A federal judge has upheld a congressional subpoena seeking President Trump’s financial records from an accounting firm, dealing a blow to the president’s efforts to resist Democratic investigations.
U.S. District Court Judge Amit Mehta’s ruling means that Trump’s accounting firm must comply with the House Oversight and Reform Committee’s subpoena for eight years of Trump’s financial records, though the president is certain to appeal the ruling.
The president filed suit last month to block the subpoena, arguing that it amounted to an abuse of congressional authority.
Oversight Committee Chairman Elijah Cummings (D-Md.) issued the subpoena to Mazars last month as part of the panel’s investigation into whether Trump committed financial crimes before he became president.
In particular, the committee has sought to corroborate specific claims made by Trump’s former personal attorney and fixer Michael Cohen.
Earlier this year, Cohen turned over documents to the panel which purport to show that Trump artificially inflated and deflated the values of his assets to suit his personal financial benefit.
For example, Cohen told lawmakers that Trump submitted false financial statements to Deutsche Bank in 2014 as he was seeking a loan to buy the Buffalo Bills NFL team.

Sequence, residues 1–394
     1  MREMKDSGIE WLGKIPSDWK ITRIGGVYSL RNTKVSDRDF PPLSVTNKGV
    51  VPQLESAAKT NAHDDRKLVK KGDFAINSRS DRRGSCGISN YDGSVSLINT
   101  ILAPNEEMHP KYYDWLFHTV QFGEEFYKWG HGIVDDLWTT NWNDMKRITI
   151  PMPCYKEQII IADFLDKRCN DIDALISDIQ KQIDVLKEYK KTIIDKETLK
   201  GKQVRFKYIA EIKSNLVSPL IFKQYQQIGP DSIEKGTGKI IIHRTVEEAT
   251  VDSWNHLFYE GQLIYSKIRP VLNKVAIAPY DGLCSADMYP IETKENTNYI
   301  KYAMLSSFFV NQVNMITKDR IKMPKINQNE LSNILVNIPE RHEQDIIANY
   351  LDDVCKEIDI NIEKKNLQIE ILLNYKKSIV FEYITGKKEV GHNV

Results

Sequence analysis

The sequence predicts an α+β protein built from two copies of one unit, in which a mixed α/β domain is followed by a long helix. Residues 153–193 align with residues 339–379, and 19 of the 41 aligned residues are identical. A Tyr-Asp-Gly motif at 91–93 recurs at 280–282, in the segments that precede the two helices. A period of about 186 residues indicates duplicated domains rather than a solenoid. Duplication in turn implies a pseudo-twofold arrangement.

Mehta’s ruling represented the first time the federal judiciary has weighed in on the ongoing oversight battle between Trump and House Democrats.
His ruling is likely to provide a blueprint for other judges who are set to make their own rulings on Trump’s vow to defy all congressional subpoenas.
Mehta heard arguments from Trump attorney William Consovoy and House General Counsel Douglas Letter last week, during which he cast serious doubt on Consovoy’s legal arguments.
Consovoy contended that Congress has no legitimate authority to investigate whether the president violated the law, because such probes are handled by “law enforcement” entities and aren’t tied to a specific legislative remedy.
But Mehta pushed back strongly on Consovoy, stating those types of investigations are “strictly” within Congress’ purview.
He also said Congress has authority to investigate conflicts of interest — for example, whether a president has a “financial interest in a particular piece of legislation that was being considered.”
In addition to the Mazars suit, Trump has asked a federal court to invalidate the House Intelligence and Financial Services committees’ subpoenas to Deutsche Bank and Capital One.
Those subpoenas also seek Trump’s personal and business financial records, as part of a joint investigation centering on whether Trump is compromised, financially or otherwise, by foreign actors.
Trump and his GOP allies have argued that the Democrats’ probes are illegitimate and amount to an abuse of power.